Shklovskii, Iosef Samuilovich (1916–1985)
Having graduated from Moscow State University (1938), he began work at the Sternberg State Astronomical Institute, but following the Nazi invasion he moved to Central Asia with a number of other students, including Andrei Sakharov. After the War, he returned to Sternberg, obtained a Ph.D. in mathematical physics (1950) and became head of the Department of Radio Astronomy. He investigated the solar corona, showing that its temperature is around one million K and that it is confined by magnetic fields; carried out early studies of planetary atmospheres; suggested that cosmic rays from occasional nearby supernova explosions may have been the cause of some mass extinctions on Earth and therefore may have played an important role in the evolution of terrestrial life; predicted the existence of astronomical masers; proposed, in 1965, a new distance scale to planetary nebulae and put forward the modern idea that planetary nebulae represent a transitional stage from red giants to white dwarfs; made theoretical and radio studies of supernovae; and successfully explained some X-ray stars as binary systems containing neutron stars.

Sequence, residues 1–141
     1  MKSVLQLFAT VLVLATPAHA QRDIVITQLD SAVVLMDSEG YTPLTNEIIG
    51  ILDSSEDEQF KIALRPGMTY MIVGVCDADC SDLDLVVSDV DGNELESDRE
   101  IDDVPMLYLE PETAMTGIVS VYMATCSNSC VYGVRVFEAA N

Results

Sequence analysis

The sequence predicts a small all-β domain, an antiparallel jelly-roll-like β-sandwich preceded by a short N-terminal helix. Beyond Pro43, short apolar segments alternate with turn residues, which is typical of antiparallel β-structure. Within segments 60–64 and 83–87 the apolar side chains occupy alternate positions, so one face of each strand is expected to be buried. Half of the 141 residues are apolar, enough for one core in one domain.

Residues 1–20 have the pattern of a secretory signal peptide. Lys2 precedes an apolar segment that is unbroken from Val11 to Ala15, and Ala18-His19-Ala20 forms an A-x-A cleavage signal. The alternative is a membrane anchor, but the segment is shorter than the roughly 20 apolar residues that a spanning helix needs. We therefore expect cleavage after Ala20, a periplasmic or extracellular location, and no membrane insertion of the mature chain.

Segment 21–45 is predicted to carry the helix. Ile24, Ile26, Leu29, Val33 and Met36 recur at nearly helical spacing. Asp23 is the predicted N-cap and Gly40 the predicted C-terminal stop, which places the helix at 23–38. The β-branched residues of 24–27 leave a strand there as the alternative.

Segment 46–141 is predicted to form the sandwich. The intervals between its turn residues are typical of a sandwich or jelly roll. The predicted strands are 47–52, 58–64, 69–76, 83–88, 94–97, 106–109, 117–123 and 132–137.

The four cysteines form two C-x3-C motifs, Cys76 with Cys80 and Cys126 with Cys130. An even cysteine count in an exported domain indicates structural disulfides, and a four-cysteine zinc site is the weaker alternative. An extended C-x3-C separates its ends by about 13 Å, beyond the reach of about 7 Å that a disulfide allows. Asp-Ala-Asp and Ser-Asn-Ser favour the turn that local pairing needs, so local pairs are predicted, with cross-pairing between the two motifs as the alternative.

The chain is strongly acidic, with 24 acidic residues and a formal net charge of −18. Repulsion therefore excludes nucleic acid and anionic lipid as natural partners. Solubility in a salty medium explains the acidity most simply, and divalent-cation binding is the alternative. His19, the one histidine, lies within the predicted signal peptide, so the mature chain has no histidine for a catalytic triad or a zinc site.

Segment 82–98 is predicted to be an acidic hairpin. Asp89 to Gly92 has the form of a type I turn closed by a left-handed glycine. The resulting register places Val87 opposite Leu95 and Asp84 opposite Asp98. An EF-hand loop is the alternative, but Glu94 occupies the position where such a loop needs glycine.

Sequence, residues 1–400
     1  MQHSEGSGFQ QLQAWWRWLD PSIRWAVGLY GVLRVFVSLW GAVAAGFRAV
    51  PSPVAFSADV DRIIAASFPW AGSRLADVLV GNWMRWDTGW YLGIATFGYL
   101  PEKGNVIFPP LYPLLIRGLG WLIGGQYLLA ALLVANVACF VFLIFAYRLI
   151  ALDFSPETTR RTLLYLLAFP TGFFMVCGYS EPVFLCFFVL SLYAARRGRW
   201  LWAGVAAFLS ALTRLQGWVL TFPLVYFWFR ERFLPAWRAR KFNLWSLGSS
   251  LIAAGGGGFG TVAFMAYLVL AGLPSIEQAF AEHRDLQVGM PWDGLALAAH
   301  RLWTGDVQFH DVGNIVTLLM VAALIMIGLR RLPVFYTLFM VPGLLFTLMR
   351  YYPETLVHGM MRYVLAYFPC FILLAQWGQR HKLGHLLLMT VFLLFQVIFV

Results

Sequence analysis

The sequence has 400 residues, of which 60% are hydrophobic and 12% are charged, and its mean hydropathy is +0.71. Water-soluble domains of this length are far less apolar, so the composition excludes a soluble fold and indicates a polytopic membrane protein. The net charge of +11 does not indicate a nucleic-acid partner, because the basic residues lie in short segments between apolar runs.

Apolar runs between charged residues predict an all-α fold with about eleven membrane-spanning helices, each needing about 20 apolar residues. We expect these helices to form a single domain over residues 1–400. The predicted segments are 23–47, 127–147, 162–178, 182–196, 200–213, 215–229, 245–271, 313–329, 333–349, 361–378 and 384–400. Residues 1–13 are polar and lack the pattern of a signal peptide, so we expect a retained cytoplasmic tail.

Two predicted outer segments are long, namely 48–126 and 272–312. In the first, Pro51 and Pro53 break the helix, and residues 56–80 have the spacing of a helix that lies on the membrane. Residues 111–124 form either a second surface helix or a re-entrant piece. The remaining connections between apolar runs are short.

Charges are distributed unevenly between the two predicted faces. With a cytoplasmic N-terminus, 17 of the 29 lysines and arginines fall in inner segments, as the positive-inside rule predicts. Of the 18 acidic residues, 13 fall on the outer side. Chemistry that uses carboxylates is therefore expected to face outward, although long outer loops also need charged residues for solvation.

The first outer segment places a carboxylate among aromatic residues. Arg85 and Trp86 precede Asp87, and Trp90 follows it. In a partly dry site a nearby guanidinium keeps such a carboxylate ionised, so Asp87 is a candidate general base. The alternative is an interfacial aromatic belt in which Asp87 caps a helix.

In a country of tight censorship, Shklovskii was never afraid to give voice to his fertile imagination. Among his many less orthodox suggestions were that the moons of Mars might be artificial (see Mars, moons) and that advanced civilizations might obtain new resources by intentionally triggering supernovas using gamma-ray lasers. One of his students was Nikolai Kardashev.3
Related categories ASTRONOMERS AND ASTROPHYSICISTS
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